Now as for accomplishing quiescence, initially you should try to practice in a place which is isolated, quiet, and comfortable. It is important to feel comfortable and content in the place you have chosen to meditate. After arranging a comfortable cushion to be seated upon, assume a very straight sitting posture. The seven-point posture of Buddha Vairocana is ideal. Otherwise, be sure to sit so that the spine is erect. If you are sitting in a cross-legged position, then the best position to sit in is the full lotus. If you are unable to sit in full lotus, you can sit in a cross-legged position and elevate your buttocks a bit so that your back will be straight. Otherwise you may sit in a chair so that your back is straight. Keeping your spine straight, you should bend your head down a bit so that the chin is slightly tucked in and allow the gaze to go out over the tip of the nose. Allow the tip of the tongue to barely touch the roof of the mouth in a natural way so that the mouth is neither tightly closed nor gaping open. The arms and hands should be down to the sides. If you are sitting in a cross-legged position, the hands can be placed right over left in your lap. Otherwise, if you are sitting in a chair, they can hang naturally.
The sitting posture is very important and so is the position of the speech. Allow the speech to be silent—no talking, no making of sounds, just natural breathing. There is nothing else to do other than remain calm and natural.
The position of the mind is to avoid recalling events of the past, anticipating future events, and contriving or controlling the present moment, just allow yourself to remain natural and at ease. Whatever arises should be allowed to be as it is without alteration or adjustment.
To "allow your mind to rest in the natural state" is easier said than done. The main reason for that is because, from countless past lifetimes until now, you have established habitual instincts, mental impressions that make your mind chaotic and full of countless varieties of conceptual proliferations. In order to achieve peace, you must employ techniques. This does not mean that you should try to control thoughts by recalling, anticipating, or altering the experience. But rather, as you begin, you should attempt to place the mind upon an object so that the mind can focus and calm down. The use of objects on which to place the mind corresponds to the three kayas. The first step is the nirmanakaya method and is accomplished by using an image of Buddha Shakyamuni appearing as the nirmanakaya buddha (embodiment of intentional manifestation). An image of Buddha Shakyamuni is positioned directly in front of you so that you will gaze naturally upon it.
The mind automatically turns from attachment and attraction to cyclic existence, because quiescence is the experience of mental contentment and bliss which is far more sublime than ordinary attractions that arise from confused perception.
The second step is the sambhogakaya method accomplished by using an image of Vajrasattva appearing as the sambhogakaya buddha (embodiment of complete rapture). The third step, the dharmakaya method, is accomplished by visualizing an image of Vajradhara in the center of the heart. Once quiescence is accomplished in these three stages, you are ready to begin quiescence practice with no elaborations at all.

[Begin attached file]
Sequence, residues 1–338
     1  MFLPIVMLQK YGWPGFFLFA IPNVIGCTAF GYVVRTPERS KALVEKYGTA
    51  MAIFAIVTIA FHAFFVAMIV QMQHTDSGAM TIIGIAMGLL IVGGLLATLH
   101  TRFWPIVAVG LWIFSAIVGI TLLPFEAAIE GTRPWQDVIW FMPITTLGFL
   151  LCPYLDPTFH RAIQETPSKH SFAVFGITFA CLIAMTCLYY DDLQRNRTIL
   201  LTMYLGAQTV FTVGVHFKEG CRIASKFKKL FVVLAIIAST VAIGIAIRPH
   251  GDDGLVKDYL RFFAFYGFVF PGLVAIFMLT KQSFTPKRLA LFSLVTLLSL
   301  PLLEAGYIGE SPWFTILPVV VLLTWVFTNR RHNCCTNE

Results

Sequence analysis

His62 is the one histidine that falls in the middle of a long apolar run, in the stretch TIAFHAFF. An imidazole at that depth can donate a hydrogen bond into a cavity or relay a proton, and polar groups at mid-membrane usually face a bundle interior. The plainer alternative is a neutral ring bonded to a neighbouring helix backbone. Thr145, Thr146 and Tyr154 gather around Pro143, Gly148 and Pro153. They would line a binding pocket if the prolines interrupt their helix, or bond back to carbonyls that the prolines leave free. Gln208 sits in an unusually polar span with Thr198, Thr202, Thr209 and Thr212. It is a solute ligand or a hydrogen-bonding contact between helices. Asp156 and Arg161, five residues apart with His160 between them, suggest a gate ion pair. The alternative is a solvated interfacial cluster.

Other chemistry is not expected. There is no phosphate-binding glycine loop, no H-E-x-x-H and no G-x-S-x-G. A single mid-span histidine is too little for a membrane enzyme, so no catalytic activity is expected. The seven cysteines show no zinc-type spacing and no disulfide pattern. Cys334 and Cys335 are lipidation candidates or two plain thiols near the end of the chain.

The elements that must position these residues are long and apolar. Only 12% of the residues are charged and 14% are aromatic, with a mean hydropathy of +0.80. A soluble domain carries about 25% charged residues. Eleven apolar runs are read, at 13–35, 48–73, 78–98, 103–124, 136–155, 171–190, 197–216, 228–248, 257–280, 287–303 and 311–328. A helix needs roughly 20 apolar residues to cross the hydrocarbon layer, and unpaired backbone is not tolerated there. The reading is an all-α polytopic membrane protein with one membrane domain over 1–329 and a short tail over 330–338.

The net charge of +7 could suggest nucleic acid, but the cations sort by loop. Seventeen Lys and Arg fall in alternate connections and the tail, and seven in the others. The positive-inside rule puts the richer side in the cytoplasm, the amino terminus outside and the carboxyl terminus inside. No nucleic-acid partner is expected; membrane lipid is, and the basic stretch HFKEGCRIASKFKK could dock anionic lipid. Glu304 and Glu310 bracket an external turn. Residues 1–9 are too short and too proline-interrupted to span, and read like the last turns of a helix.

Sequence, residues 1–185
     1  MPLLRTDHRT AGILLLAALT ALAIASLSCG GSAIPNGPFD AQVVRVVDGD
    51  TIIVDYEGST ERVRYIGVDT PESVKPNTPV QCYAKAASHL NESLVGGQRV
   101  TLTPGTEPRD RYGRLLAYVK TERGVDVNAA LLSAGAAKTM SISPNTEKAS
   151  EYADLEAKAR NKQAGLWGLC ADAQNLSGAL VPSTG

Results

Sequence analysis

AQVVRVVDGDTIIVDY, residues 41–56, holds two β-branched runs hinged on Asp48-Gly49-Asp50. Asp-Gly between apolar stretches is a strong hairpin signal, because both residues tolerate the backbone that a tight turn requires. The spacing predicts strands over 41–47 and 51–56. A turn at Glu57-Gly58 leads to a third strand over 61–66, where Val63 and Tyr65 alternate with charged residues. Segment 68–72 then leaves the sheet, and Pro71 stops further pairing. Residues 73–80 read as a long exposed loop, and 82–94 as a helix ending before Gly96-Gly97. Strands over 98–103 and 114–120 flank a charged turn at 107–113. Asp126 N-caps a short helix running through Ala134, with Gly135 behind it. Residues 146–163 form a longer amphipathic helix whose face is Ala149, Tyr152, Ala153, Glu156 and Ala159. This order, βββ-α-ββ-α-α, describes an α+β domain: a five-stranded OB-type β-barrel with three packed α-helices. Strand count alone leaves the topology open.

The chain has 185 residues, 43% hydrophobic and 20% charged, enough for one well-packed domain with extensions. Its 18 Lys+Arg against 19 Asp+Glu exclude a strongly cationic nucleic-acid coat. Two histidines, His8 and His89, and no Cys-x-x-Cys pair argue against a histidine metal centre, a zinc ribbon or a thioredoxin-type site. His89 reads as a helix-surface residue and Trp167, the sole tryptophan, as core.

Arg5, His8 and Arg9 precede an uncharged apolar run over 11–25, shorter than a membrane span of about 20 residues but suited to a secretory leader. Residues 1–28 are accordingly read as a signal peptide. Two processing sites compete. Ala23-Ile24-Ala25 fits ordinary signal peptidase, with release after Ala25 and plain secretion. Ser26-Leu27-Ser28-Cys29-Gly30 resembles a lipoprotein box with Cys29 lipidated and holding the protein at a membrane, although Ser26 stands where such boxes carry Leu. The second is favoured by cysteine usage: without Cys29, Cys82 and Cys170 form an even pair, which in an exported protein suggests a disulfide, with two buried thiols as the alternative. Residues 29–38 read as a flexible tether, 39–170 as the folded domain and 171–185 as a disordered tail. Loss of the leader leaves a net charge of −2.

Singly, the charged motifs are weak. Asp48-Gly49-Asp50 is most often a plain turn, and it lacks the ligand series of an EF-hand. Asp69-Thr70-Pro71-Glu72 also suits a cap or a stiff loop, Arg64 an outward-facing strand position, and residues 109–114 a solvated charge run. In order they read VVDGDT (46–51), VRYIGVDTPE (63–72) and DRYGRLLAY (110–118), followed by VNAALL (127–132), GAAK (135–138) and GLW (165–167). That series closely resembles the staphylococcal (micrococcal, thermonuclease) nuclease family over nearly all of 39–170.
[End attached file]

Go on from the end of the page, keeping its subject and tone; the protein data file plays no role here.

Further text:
If you do not possess any of these images of the Buddha, the practice can still be carried out. You may use a stone, a stick, a flower, or something natural that is found in the environment and that costs nothing. Simply practice with that object directly in front of you exactly as you would practice with the image. Ideally the object should be about four finger-widths wide. The mind should remain single-pointedly focused upon that object without any other distraction. While allowing your gaze to remain single-pointedly focused upon the statue or object, notice what your mind is doing while you are trying to focus. There should be no attempt to generate a visualization as you would in generation-stage practice. You are simply looking at the image with single-pointed concentration, nothing else.
When you are practicing for more extended periods of time, you may experience the mind becoming dull and sleepy. When that starts to happen—and it is a common reaction—you should straighten up your body, readjust your position, and move your gaze to the uppermost part of the image upon which you are focused. If, on the other hand, you find that the mind starts becoming more chaotic with an abundance of thoughts, then you should lower the gaze to the Buddha's navel center or seat or to the lower part of the object, trying to relax. If the mind becomes chaotic, too much effort is being applied. If there seems to be no extreme reaction and things are progressing fairly well, then you can maintain your view at the heart center of the image.
This stage of the practice may be maintained for however long is necessary, until you are able to maintain your concentration for an extended period of time without the distraction of disturbing thoughts.